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Philosophy

Book Review: Notes From the Sick Room

9 May, 17 | by amcfarlane

Notes from the Sick Room by Steve Finbow, London: Repeater Books, 2017, 343 pages, £8.99.

Reviewed by Alan Radley, Emeritus Professor of Social Psychology, Loughborough University

This is a book about sickness, more specifically about the illnesses of a number of well-known artists and philosophers. It is also about the illness history of the book’s author, Steve Finbow. He uses his own experiences of illness (and they are many and varied) to introduce the reader to the travails and writings of the individuals whose sickness he explores. The word ‘travails’ is apposite here as it suggests that illness can be, if not a life’s work, then a determining factor in how people live their lives, as well as rendering their experience meaningful through writing and other forms of art. Key to this is the idea that being trapped in a diseased body opens up the possibility of escape through self-examination, issuing in a productive outcome. To make this argument Finbow explores in detail the circumstances and reflections upon illness of several artists and writers. He introduces us to cancer in the life and death of people such as J G Ballard, Iain Banks, Christopher Hitchens and John Diamond. Finbow details the sufferings of Frida Kahlo after the bus crash that severely damaged her pelvis; the effects of being shot upon Andy Warhol and his art; the denials of illness that were part of Bruce Chatwin’s extensive travelling; and the descriptions of and insights into illness offered by writers such as Katharine Mansfield and Virginia Woolf.

How should one tackle a subject like sickness while providing detailed biographical detail about one’s own and others’ illness, at the same time weaving a complex argument drawing upon philosophers such as Nietzsche and Foucault? Finbow achieves this by treating the book as a virtual hospital – a clinical space – populated by celebrity patients and some celebrity doctors (e.g. Susan Sontag). The entries and exits from the various departments to which he escorts the reader are managed in part by introducing us (in detail) to his own medical history. These extend from a pain in the buttock to severe pancreatic necrosis and a spell in intensive care, all illuminated by details from his medical notes. In the case of the pain in the buttock, Finbow uses this as an approach to the question of whether cancer is alien to or part of the self and, in the case of the latter, how it might become so. Turning on the issue of denial, he argues that the denial of disease (“flight to sanity”) is not healthy, but that health tolerates disintegration and, by implication, transforms it through art and writing.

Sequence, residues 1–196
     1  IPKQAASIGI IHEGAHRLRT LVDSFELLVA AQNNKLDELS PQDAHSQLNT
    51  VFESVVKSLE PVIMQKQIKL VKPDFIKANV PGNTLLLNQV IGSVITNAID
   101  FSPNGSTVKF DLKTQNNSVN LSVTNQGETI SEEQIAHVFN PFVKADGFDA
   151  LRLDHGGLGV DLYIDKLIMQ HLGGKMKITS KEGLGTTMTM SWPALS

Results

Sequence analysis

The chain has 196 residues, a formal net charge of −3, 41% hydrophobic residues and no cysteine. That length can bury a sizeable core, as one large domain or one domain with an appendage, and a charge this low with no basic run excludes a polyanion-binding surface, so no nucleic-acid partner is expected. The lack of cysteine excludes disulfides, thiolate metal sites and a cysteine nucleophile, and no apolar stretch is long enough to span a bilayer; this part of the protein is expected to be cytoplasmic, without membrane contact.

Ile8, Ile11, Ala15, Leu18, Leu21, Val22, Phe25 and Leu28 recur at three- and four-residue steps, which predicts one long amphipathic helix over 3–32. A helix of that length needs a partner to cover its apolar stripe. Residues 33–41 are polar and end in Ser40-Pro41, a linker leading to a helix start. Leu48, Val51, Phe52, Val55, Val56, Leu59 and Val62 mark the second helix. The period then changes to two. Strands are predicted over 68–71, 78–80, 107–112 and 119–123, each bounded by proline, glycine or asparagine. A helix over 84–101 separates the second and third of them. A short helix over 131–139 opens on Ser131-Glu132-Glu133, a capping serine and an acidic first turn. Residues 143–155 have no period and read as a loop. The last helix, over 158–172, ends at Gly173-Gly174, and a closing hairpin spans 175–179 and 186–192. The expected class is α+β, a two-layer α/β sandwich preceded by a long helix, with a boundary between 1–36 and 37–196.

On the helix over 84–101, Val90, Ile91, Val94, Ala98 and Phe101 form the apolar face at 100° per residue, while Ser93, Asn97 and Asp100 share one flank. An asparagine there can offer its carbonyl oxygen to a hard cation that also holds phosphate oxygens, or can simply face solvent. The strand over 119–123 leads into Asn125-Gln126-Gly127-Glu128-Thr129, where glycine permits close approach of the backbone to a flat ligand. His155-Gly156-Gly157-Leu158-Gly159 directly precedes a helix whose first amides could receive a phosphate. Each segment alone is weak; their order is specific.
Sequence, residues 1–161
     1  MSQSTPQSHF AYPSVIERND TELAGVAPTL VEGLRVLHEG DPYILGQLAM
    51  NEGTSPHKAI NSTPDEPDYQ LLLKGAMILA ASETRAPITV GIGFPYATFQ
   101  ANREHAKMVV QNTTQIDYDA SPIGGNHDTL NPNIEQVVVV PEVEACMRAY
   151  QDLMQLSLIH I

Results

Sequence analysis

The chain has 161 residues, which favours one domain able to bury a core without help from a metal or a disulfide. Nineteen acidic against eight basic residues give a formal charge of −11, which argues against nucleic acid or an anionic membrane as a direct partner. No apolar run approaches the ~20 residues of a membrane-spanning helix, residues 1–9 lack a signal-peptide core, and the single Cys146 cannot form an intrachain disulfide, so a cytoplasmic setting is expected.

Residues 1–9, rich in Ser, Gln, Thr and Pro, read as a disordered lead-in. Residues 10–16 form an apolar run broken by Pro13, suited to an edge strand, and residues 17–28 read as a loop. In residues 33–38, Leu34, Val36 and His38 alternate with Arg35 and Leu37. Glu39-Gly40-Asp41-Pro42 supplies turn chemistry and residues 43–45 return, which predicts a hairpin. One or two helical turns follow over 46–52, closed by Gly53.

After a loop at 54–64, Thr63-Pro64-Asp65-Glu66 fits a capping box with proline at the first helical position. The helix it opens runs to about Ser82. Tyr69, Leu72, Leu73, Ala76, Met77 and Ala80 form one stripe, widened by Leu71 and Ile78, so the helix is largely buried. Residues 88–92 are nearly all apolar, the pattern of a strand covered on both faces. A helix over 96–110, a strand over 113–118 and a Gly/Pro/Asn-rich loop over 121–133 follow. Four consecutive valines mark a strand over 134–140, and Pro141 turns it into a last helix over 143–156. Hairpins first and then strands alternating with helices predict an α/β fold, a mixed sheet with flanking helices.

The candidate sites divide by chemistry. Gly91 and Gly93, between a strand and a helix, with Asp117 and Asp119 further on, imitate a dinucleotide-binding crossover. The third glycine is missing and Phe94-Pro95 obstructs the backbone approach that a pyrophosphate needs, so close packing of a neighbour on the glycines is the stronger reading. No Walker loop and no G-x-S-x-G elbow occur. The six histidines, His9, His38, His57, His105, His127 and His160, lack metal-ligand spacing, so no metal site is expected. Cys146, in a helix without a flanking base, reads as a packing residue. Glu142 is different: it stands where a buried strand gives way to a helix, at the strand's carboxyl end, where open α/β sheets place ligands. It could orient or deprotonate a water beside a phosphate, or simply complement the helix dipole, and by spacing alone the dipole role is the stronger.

The idea that illness and the state of being sick can be the bases of productive art is expressed in a quote that Finbow provides, in which John Berger says of Frida Kahlo: “The capacity to feel pain is, her art laments, the first condition of being sentient. The sensitivity of her own mutilated body made her aware of the skin of everything alive – trees, fruit, water, birds, and, naturally, other women and men. And so, in painting her own image, as if on her skin, she speaks of the whole sentient world” (322). By drawing attention to this Finbow is agreeing with Nietzsche and Foucault that art is an act of freedom-making borne of suffering. This extends to the person’s life – including their art – so that what is rendered is expressive of a way of being rather than illness per se. It is perhaps for this reason that he objects to Susan Sontag’s attack on the use of metaphor as aestheticizing the “what should not be imagined”  – the abhorrent disease that is cancer. To this Finbow replies, “what nonsense”, and argues that when Sontag wrote about cancer in her book Illness as Metaphor (1978) she was, in effect, aestheticizing it.

The problem here is that there is a difference to be made between aesthetics and aestheticization. Aestheticizing, at its root, directs the viewer/reader to the artist/author rather than the object. An artwork is the product of a transformation that directs our attention to the ineffable; it is this that, in part, gives it aesthetic value. This is not always an easy line to draw, but it matters in this book because Finbow treats of both aesthetics and aestheticization in the course of his descriptions and discussions. By dramatising the artists and writers he discusses as either patients or doctors, Finbow risks muddling this distinction. So, for example, he writes: “Dr Sontag sits back in her chair, her fingers pyramided above the desk, the silver streak (poliosis) in her hair illuminated by the overhead fluorescent strip lights”. And later, “She closes the book, gets up, takes me by the crook of the arm and says authoritatively, ‘Let’s go to your office. I think we need to have a little chat’” (300). For this reader at least, these passages had the effect of displacing attention from the book’s argument about illness to the author’s interest in his subject matter, which at times I found unhelpful.

In terms of the book’s overall aim Finbow goes some way to demonstrating that illness improves the work of the artists considered, though he does not show exactly how art draws upon illness. Instead, the book remains a bricolage of ideas that coheres as a sort of image, a story of the necessity of ill health in our lives. Its overall message – drawn from Nietzsche – that life needs illness, is incomplete without it, is an important one. Health is not separate from illness, and a deeper understanding of health includes the idea that it can be strengthened by illness. And for that, and its historical and biographical detail, Notes from the Sick Room makes for a most useful and interesting read.